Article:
A plant worker making $60,000 per year would see his annual state tax burden reduced by around $950.

A couple who owns a small business making about $90,000 per year would see their annual state tax burden reduced by about $1,450.

Governor Jindal said, "The bottom line is that eliminating income taxes will put your money back into your hands so you can spend it how you want."

Myth #2 -- Eliminating income taxes will hurt government revenue and force future budget cuts

Fact: Eliminating loopholes and switching to a sales tax base will bring more stability in funding for government services.

A leading cause of uncertainty and volatility in the revenue estimating process is the impact of more than 460 tax exemptions, some of which radically change in value from year to year.

Switching to a sales tax base will bring more stability in funding for government services. Currently, three states -- Nevada, South Dakota and Wyoming -- have no personal or corporate income tax rate, and they are all running budget surpluses.

The Governor said, "Switching to a more stable tax base will help smooth out many of the rough edges and stabilize state budgeting, and stability in government attracts businesses and creates good jobs."

Myth #3 -- The current tax structure is working and Louisiana has a low tax burden

Fact: Louisiana ranks near the bottom of many lists in terms of simplicity, fairness and stability.

The Governor noted that while the more than two-decade out-migration problem has been reversed, the tax code in Louisiana is playing a role in losing people.

Between 1995 and 2010, IRS data reveals a significant migration in the nation's population to certain areas of the country. During this period of time, $2 trillion transferred around the country to new population areas. In that same time period, Louisiana lost over $6 billion in adjusted gross income to other states.

Governor Jindal said, "People are mobile, and they can move -- and they will move -- to find new jobs and opportunities for their families. This is exactly why states with no income taxes are outperforming other states in terms of economic growth and population growth."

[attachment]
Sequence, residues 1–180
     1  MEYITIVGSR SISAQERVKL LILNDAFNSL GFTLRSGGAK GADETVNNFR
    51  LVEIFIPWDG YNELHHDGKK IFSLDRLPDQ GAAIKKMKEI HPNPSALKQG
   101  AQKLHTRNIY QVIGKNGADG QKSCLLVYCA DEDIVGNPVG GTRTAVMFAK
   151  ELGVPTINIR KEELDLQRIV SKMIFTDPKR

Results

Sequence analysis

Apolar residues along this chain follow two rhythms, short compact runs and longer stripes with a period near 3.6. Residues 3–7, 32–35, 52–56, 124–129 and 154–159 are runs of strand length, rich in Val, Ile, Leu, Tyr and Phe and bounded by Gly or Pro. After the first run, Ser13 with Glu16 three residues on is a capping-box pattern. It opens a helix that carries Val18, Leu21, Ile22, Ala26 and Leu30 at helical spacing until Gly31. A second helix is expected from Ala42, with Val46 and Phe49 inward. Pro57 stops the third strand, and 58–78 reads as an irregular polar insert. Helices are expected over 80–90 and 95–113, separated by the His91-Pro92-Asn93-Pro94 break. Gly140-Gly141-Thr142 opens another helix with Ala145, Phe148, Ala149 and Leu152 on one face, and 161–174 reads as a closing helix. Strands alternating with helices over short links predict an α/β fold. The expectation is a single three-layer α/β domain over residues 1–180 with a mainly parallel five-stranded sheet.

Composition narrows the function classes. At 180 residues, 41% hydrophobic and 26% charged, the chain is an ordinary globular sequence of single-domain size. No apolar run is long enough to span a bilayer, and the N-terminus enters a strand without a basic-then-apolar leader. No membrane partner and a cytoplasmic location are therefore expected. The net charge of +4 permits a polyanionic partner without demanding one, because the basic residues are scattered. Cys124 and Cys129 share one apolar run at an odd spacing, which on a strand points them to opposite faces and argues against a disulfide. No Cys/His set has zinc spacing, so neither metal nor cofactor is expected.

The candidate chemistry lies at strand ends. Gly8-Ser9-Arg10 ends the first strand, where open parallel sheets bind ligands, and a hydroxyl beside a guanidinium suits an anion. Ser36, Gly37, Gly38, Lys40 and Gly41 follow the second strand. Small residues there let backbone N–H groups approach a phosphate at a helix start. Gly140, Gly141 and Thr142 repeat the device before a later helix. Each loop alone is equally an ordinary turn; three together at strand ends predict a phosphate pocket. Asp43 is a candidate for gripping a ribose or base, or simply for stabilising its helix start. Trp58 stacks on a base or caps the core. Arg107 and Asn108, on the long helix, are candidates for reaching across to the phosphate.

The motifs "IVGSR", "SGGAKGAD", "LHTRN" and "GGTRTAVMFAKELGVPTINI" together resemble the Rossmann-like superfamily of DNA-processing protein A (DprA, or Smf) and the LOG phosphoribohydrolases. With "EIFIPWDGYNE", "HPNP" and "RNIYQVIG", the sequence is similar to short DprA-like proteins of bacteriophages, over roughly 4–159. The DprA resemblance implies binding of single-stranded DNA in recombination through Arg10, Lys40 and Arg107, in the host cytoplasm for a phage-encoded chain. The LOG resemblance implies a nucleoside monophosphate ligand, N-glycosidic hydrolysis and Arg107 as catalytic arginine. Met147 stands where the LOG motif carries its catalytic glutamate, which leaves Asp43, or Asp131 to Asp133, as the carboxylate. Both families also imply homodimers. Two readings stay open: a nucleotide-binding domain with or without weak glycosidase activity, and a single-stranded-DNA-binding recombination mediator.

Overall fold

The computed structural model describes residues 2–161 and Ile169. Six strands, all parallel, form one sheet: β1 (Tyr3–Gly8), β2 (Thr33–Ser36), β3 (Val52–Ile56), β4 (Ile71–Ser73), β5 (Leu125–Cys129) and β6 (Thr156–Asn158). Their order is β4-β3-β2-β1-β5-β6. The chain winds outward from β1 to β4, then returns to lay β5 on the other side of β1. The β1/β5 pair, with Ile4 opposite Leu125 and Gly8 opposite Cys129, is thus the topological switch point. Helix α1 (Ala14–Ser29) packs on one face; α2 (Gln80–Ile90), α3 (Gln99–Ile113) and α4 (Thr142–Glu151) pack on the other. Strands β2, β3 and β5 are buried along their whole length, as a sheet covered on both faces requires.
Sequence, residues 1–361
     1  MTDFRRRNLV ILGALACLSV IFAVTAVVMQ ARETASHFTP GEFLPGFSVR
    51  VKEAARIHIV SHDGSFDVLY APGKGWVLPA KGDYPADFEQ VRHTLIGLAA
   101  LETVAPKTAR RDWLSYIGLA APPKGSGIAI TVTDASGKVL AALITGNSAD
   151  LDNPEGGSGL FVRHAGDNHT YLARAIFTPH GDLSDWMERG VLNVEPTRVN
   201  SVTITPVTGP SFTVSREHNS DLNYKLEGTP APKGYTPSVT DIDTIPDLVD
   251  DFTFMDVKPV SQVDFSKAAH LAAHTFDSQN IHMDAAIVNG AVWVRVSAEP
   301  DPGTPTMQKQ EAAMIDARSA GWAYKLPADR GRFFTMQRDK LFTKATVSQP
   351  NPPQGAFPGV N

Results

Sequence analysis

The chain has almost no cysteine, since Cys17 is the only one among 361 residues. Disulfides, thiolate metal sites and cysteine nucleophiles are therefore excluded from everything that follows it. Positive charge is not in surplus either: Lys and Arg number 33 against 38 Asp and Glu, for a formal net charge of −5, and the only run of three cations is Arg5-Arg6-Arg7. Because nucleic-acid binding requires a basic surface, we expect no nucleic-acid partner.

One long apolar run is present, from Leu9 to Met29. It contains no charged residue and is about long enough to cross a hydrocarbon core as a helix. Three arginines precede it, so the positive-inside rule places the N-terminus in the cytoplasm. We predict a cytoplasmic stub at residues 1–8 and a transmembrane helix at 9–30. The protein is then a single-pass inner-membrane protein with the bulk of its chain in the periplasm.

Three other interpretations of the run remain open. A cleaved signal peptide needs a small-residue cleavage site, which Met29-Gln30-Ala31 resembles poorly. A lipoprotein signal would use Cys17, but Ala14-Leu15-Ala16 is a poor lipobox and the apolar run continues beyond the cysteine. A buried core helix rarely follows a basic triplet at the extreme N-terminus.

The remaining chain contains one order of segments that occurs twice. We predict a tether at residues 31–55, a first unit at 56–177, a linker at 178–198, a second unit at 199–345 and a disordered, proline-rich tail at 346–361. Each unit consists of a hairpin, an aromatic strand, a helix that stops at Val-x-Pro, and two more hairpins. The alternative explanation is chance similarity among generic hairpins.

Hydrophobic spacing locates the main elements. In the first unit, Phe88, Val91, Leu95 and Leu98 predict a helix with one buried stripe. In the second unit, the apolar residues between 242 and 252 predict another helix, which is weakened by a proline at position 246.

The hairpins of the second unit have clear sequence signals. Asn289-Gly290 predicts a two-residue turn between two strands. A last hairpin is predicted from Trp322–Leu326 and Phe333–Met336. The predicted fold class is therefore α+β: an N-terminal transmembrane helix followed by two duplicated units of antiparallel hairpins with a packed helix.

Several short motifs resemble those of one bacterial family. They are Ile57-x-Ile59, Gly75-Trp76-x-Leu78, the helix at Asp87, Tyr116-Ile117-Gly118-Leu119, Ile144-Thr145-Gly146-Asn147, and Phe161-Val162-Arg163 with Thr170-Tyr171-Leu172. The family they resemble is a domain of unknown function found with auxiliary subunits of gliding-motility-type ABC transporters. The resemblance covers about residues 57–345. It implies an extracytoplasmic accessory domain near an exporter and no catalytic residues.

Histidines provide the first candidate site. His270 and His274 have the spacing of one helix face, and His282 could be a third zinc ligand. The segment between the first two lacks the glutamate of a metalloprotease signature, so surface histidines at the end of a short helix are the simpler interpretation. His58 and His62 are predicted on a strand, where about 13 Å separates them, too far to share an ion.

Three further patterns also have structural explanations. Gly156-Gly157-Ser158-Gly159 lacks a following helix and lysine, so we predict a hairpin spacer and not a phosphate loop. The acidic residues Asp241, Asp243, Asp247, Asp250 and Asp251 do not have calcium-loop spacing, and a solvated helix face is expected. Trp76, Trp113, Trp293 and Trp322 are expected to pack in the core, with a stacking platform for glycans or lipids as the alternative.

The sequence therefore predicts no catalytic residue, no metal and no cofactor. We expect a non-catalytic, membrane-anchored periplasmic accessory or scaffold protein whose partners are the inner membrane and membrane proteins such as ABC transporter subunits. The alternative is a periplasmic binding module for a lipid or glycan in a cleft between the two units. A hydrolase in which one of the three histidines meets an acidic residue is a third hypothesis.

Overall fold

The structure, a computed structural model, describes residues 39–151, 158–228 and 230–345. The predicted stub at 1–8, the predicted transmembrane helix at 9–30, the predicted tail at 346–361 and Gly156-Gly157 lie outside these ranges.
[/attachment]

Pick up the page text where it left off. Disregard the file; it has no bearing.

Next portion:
The Governor noted that over the last 10 years, more than 60 percent of the three million new jobs in America were created by the nine states without an income tax, and, over the past decade, states without income taxes have seen nearly 60 percent higher population growth than the national average.

Myth #4 -- Eliminating income taxes will hurt retirees and poor people.

Fact: Governor Jindal's plan protects low-income families, retirees, active duty military members who pay little or no income tax currently by creating the Family Assistance Rebate Program and the Assistance for Retiree and Military Rebate Program.

The Family Assistance Rebate Program compensates low income households based on the impact of the increased sales tax over any benefit from the reduction of income taxes.

The Assistance for Retiree and Military Rebate Program was designed to ensure that retirees, active duty military and other recipients of exempt income receive a net benefit under the tax reform proposal.

The plan also protects food, prescription drugs and utilities from increased sales taxes.

Governor Jindal said, "These provisions ensure retirees, low-income residents and families at all income levels will be better off."

Myth #5 -- If the states sales tax rate is increased, Louisiana's state sales tax rate will be one of the highest in the nation.

Fact: With the increased rate, Louisiana's state sales tax rate will be the 24th lowest in the nation and one of the lowest in the region.

The state sales tax rate will actually be one of the lowest in the region. Texas has a 6.25 percent state sales tax, Mississippi has a seven percent state sales tax and Arkansas has a six percent state sales tax.

Under the new system, Louisiana's state sales tax rate would be 24th lowest in the nation. The effective sales tax rate would be between 3.12 percent and 4.34 percent, with low-income earners on the lower end of the scale and high- income earners on the higher end of the scale.


Source:
Back to top